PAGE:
Between the two concertos, comes another of Mozart's concertante works involving the piano, "Ch'io mi scordi di te?" for soprano and orchestra with obbligato piano. There is a recently recorded modern instrument version (Mozart: Un moto di gioia - Persson / Weigle - also BIS!) that vividly highlights the differing merits of each approach when heard in combination with this account. Both versions are very persuasively performed in their equally captivating ways; those favouring period instruments will not be surprised to learn that thanks to the slimmer tone of the instruments, Carolyn Sampson does not need to project her voice so forcefully above the tutti passages. Some will prefer this more vocally relaxed rendition, others will prefer the more viscerally exciting approach from Persson.
The concerto that is the first of Mozart's astonishing sequence of mature compositions in this genre completes the disc. Once again, the various tone colours that are given by period instruments give added impetus to the musical argument (such as Brautigam supplementing the bass line in the orchestral tuttis) without distorting the line of the musical phrases. With the carefully chosen orchestral size, the declamatory gambit from Brautigam truly matches the preceding orchestral tuttis; this copy by Paul McNulty of a Walter & Sohn fortepiano is a very fine instrument for this music indeed. As with the conclusion of the 21st concerto, there can be no doubt that all concerned are following Mozart's entreaty to play the opening Allegro with vivace; their collective responses to the this score rightly points the way towards early Beethoven without ever forgetting where they wish to place their soundworld. The slow movement is as eloquent as one could wish and Brautigam conspires with Willens to walk with perfection the cusp of Elysian delight with the threatening undercurrents. Another ebullient rondo concludes this concerto (and this disc); again the balance between Brautigam and the Akademie is a delight to the ear - the orchestra throws a translucent cloak around the passagework of the piano while letting the fortepiano's melodies soar across.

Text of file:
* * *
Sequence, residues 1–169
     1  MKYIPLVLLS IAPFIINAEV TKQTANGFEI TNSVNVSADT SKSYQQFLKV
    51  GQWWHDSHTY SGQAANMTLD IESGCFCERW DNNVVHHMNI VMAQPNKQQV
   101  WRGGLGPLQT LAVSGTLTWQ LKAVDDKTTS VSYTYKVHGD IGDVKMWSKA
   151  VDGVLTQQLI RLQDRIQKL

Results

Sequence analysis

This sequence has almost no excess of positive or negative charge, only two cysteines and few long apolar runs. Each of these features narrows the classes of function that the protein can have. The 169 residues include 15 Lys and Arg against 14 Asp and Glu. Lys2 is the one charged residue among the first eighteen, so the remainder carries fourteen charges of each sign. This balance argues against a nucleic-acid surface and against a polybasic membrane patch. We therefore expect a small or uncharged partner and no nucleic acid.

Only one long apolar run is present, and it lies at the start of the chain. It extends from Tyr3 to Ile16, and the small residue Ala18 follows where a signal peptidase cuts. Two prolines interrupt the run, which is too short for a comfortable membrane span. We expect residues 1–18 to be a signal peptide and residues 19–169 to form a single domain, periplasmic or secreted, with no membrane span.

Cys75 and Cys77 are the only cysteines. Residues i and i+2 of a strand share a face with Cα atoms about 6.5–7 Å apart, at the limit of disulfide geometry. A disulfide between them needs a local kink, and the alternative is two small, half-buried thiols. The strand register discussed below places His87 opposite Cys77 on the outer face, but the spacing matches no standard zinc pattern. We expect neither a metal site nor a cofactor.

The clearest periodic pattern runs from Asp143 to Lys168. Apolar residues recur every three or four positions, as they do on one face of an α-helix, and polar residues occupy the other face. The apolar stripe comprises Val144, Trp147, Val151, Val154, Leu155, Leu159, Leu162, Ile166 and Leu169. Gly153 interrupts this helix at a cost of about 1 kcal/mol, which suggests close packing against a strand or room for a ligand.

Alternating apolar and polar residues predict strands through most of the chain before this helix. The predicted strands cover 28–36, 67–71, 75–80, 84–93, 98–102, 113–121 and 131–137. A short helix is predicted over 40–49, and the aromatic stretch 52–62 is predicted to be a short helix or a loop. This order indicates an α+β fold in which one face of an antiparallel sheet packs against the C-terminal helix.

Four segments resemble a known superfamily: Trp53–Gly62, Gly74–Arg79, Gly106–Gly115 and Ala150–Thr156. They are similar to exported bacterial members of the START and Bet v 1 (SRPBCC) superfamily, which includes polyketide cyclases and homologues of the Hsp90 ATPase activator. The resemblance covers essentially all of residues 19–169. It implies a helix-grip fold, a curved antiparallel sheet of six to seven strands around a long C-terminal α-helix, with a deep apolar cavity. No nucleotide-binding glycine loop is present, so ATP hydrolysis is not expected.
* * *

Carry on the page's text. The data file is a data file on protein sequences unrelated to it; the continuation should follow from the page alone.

The sound is as self-effacing as Brautigam's virtuosity; so enrapturing are the performances and so transparent is the sound that one completely forgets about such matters - surely the sign of a very fine engineering team in this sonically modest repertoire.
Those wanting modern instrument versions can safely turn to a fine alternative from Christian Zacharias (Mozart: Piano Concertos, Vol 6 - Zacharias). To do so though would be to miss out on quite extraordinary virtuoso playing that is entirely self-effacing even when indulging in the tasteful rubato that adds, never detracts, from the expressive musical line of Mozart's argument.
Copyright © 2015 John Broggio and HRAudio.net
Review by Adrian Quanjer - May 14, 2015
One cannot but admit that after a searching start and questionable comments in some quarters, this cycle is now going from strength to strength. As indicated by Polly Nomial in his most eloquent and poetic review of these two concerti, you won’t find at this moment any better period performances. Neither in terms of artistic maturity nor in respect of natural balance.
Over the last couple of years Brautigam, Willens and… BIS have grown into a wonderful team enriching the catalogue with refreshing and for many ‘must have’ alternatives for the ageing RBCD period performances by the likes of Bilson (Archiv), Levin (Decca) and van Immerseel (Channel Classics).
I have commented in the past that Brautigam’s slow movements were mostly on the fast side. That is why I started off with the second movement of concerto no. 21 (KV 476), in the realm of ‘the millions’ better known as ‘Elvira Madigan’, to find out if Ronald Brautigam would sufficiently allow the andante to blossom. Fast? Yes, but somehow or other it did not disturb me. Unable to stop listening I played the rest in one go, before allowing myself to compare both concerti with other period performances, notably Malcom Bilson with John Elliot Gardiner and his Baroque Soloists.
[As I do not think it useful to compare apples with pears, I refrain from doing so with the cycle of Christian Zacharias and the Orchestre de Chambre de Lausanne.]